To start off, I am happy to report that my quest to look as non-American as possible must be working famously well. For the first time ever, in Israel or anywhere, I was searched, the entirety of my bag looked through, was glanced at quite a bit between the inspection of my bag, and so on. I can say that it was a very new experience for me. Immediately after I was given my bag back and allowed to enter the outdoor mall next to the Old City in Jerusalem, Dana went to go through security where the guard took her bag, glanced in, touched nothing, and allowed her right in. Our thoughts immediately after were... "yup, Jordana was just profiled". Now, of course, it may not have been as dramatic as I am making it seem, but it really was the first time that a search like that has ever happened to me, and with Dana's almost immediate entrance, it is a logical conclusion to draw. But hey, I'm not complaining at all! It means I'm really starting to blend in with the local population, which will be very nice when I am living in East Jerusalem. I don't want to draw unnecessary attention to myself, and outwardly displaying signs of Judaism or looking overwhelmingly American/European/touristy can do just that.
So now to why I was in Jerusalem. Every year in the Old City, at the Tower of King David (Migdal David), there is a light "spectacular" that is shown inside the courtyard. Before going into detail, I am obligating myself to say that this was probably one of the most fascinating, interesting, amazing, beautiful things I have done since coming to Israel. It was out of this world breathtaking, and I hope that everyone has the chance to experience this show if and when they visit Jerusalem. So what is this light spectacular? The attraction is comprised of two parts: An exhibit around the citadel, and a show that follows the viewing of the exhibit.
First, just to give you an idea of what the courtyard looks like, here is a picture of where we were in the daytime.
Now imagine it being the dead, dark of night with lights and projected images reflecting off of the stone walls to depict different eras of time in Jerusalem's history. The effect is mesmerizing.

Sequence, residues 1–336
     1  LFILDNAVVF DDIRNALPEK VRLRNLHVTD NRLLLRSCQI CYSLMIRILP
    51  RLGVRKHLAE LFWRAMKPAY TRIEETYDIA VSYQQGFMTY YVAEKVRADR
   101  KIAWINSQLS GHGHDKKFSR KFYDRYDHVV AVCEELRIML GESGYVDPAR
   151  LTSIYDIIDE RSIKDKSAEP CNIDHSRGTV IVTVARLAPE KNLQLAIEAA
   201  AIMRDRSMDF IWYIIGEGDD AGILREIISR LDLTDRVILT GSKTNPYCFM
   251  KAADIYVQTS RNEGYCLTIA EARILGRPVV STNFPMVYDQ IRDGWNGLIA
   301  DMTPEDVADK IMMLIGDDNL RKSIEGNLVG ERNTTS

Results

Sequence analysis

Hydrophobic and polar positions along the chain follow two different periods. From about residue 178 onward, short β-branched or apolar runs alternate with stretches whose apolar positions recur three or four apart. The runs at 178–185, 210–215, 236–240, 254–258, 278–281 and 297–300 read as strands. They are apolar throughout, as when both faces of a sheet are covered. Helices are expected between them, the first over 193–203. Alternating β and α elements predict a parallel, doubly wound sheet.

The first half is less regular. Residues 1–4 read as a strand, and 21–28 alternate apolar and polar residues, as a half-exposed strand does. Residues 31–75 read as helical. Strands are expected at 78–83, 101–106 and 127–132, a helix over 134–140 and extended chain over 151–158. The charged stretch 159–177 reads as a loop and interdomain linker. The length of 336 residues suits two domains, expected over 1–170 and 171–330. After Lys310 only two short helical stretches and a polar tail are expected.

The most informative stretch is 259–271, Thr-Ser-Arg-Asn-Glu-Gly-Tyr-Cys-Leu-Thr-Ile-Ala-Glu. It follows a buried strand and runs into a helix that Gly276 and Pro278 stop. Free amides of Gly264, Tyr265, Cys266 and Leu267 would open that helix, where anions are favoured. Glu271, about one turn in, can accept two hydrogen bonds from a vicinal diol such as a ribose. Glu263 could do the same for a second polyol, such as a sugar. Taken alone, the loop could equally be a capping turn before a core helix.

The exhibit took us through most of the courtyard, and as we winded around towards the end, hundreds of chairs were set up directly in front of the North and East walls of the fortress (however, with my outstanding sense of direction we were probably in front of the South and West walls but the direction isn't all that important :-p). After all of the people were situated and settled into their seats, the big show began. I am sorry to report that photography wasn't allowed so I will do my best to convey the depth of the shows innovative genius and beauty, but if I can't adequately capture every phenomenal aspect with words, you will just have to get to Jerusalem to see it for yourselves :-).
At first the entire fortress went pitch black and all you could see was one reflected light image of a single dove flying over the stone walls of the enclosure. As the dove flew over every surface of the walls another image of the shadow of a woman playing a flute was show accompanied by the sounds of a gorgeous, haunting flute solo. Once the song had ended the entire fortress lit up, and with lights and reflected images and movies, we were shown the entire story of the creation, destruction, re-creation, and so on, of Jerusalem from the time of Gan Eden (the Garden of Eden), to the time of the First and Second Temple, to Ottoman, Roman, and Muslim conquest and rule of the city, to the British protectorate period. The combination of lights, video, effects, and music set on the walls of King David's courtyard inside of his tower in the Old City was astounding. I can truly say that I have never seen anything like it in my life.
As the presentation was ending, the walls were filled with lights reflecting different spellings of Jerusalem in, what looked like, hundreds of languages, the song "Shir Hamalot" was playing, and then all of the writing went away to make way for the words "Pray For Peace In Jerusalem" reflected on the highest wall of the Tower in Arabic, Hebrew, and English. It was extremely moving and powerful, and left you with a feeling of a renewed sense of hope that peace will come to this incredible region.
I truly can't describe how incredibly powerful being in the city of Jerusalem is. Even if you are not religious you can feel the presence of a Higher Being all around you. You are standing in the middle of hundreds and thousands of years of history that affected and was important to all three of the world's major monotheistic religions, and seeing a functioning integrated city in a region stricken with religious and ethnic strife and conflict, is proof in itself that there must be God. There never has been, nor ever will be, a city as special as Jerusalem في كل العلم (in the whole world).
It was a wonderful evening trip into the Ancient City, and only further amplified my already extreme excitement to move there in 7 days. To end I feel it only appropriate to offer my prayers and desires for the continuation of a united Jerusalem, prayers for continued strength of one of the most historically significant and important cities in the world, and prayers for peace, acceptance, and coexistence in this holiest of holy places.
Shabbat Shalom <3,